Israeli politician jailed for bribery slated for top ministry spot

Aryeh Deri being considered for finance ministry as Netanyahu tries to avoid giving role to Religious Zionism chief Bezalel Smotrich

Israeli Prime Minister Benjamin Netanyahu listens to Aryeh Deri during a meeting with his nationalist allies and Likud party members at the Knesset in March 2020.  AP
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Concern is growing over the cabinet choices of former Israeli prime minister Benjamin Netanyahu following his election victory last week.

Ultra far-right lawmaker Itamar Ben-Gvir is almost certain to claim a top ministerial role.

Israeli media is reporting that Aryeh Deri, who held the post of interior minister three times and was previously jailed for bribery, is expected to head either the finance ministry or the interior ministry.

Mr Deri leads the ultra-orthodox Shas party, the third-largest in Mr Netanyahu's right-wing bloc which was catapulted to power last week in a surprise comeback for the former leader, who has been embroiled in a corruption trial.

Mr Deri could be given the finance ministry, amid claims Mr Netanyahu wants to avoid giving the role to Religious Zionism chief Bezalel Smotrich, Ynet and Channel 12 have reported.

While Mr Netanyahu has yet to be formally asked to assemble a government, talks have begun to assign ministerial positions among Likud and its right-wing, religious allies.

Mr Netanyahu has offered Mr Deri his pick of ministerial positions, Channel 12 reported. Mr Deri is said to be asking for his former position of interior minister.

The Shas chief spent two years in prison in 2000 for taking bribes during his stint as Israel's youngest ever interior minister in the 1980s. He resigned from the Knesset in January as part of a plea deal in which he was handed a 12-month suspended prison sentence and a fine of 180,000 shekels for tax offences.

He was initially suspected of bribery but was finally charged with failure to report his income and other tax offences when selling Jerusalem apartments to his brother Shlomo.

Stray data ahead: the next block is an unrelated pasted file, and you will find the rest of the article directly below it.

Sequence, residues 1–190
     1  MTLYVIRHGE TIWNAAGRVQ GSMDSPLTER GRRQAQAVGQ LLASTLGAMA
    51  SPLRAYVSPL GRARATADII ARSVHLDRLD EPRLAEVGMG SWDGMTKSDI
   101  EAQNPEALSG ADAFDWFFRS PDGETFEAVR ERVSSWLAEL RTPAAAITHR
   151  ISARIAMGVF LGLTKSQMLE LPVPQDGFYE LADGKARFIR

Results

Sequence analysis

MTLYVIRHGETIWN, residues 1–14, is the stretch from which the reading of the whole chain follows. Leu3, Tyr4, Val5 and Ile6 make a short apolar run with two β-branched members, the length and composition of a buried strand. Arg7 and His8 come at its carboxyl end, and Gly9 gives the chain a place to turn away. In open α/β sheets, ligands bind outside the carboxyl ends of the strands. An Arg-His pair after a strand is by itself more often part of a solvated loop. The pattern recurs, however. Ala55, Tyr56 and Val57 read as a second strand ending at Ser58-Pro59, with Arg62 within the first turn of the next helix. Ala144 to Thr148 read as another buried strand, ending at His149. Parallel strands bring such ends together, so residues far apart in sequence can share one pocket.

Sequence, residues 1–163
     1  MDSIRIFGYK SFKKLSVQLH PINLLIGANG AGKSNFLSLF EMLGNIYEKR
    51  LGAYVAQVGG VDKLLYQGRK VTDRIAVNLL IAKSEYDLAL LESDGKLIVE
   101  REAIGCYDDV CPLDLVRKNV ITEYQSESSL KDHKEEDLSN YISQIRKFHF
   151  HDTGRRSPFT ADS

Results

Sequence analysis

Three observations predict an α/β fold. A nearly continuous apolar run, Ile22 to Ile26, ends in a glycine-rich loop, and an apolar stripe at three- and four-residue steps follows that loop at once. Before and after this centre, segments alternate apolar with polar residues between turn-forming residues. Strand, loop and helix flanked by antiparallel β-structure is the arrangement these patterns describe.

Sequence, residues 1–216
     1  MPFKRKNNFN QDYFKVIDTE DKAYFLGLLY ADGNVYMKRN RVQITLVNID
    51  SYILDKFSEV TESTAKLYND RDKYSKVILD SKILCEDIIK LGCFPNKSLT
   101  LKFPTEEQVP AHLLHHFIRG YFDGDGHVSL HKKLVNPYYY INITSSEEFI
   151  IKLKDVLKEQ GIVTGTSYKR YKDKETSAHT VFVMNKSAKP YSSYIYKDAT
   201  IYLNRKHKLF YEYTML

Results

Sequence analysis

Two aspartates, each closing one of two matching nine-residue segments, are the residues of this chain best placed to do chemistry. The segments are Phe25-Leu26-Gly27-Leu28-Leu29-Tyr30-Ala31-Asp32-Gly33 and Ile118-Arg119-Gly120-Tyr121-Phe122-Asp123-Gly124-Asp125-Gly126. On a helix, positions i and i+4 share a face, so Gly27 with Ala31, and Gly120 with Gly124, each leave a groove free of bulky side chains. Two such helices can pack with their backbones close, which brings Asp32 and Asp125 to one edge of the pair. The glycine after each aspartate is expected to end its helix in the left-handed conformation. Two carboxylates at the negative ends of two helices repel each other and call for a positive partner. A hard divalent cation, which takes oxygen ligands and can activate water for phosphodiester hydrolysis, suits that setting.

In June, Shlomo was given nine months community service for multiple tax evasion charges, one of which included aiding Mr Deri by claiming income from a US investment fund as his own.

Mr Deri has held several government positions, including minister for development of the Negev and the Galilee.

He is not the only potential minister with a murky past.

Mr Ben-Gvir, widely slated to be the next minister of public security, has come under closer scrutiny in recent weeks for incendiary comments about Israel's large Arab minority.

He was convicted in 2007 of racist incitement and support for a group on both the Israeli and US terrorism blacklists.

He is also known for his support of Baruch Goldstein, who committed the 1994 Hebron mosque massacre, and his calls for Arabs to be deported from Israel.

The US is reportedly considering a “no-contact” policy with the Otzma Yehudit leader, and Jordan has allegedly warned ties will weaken if any change is made to the status of Al Aqsa Mosque, where Mr Ben-Gvir regularly visits.

“Bibi [Netanyahu] does not want Ben-Gvir and Deri to lead the dance,” Shlomo Fischer of the Jerusalem-based Jewish People Policy Institute told AFP.

“He is very careful. He does not want to lose his international legitimacy … I think he could try to widen his coalition to minimise their influence.”

Updated: November 08, 2022, 2:33 PM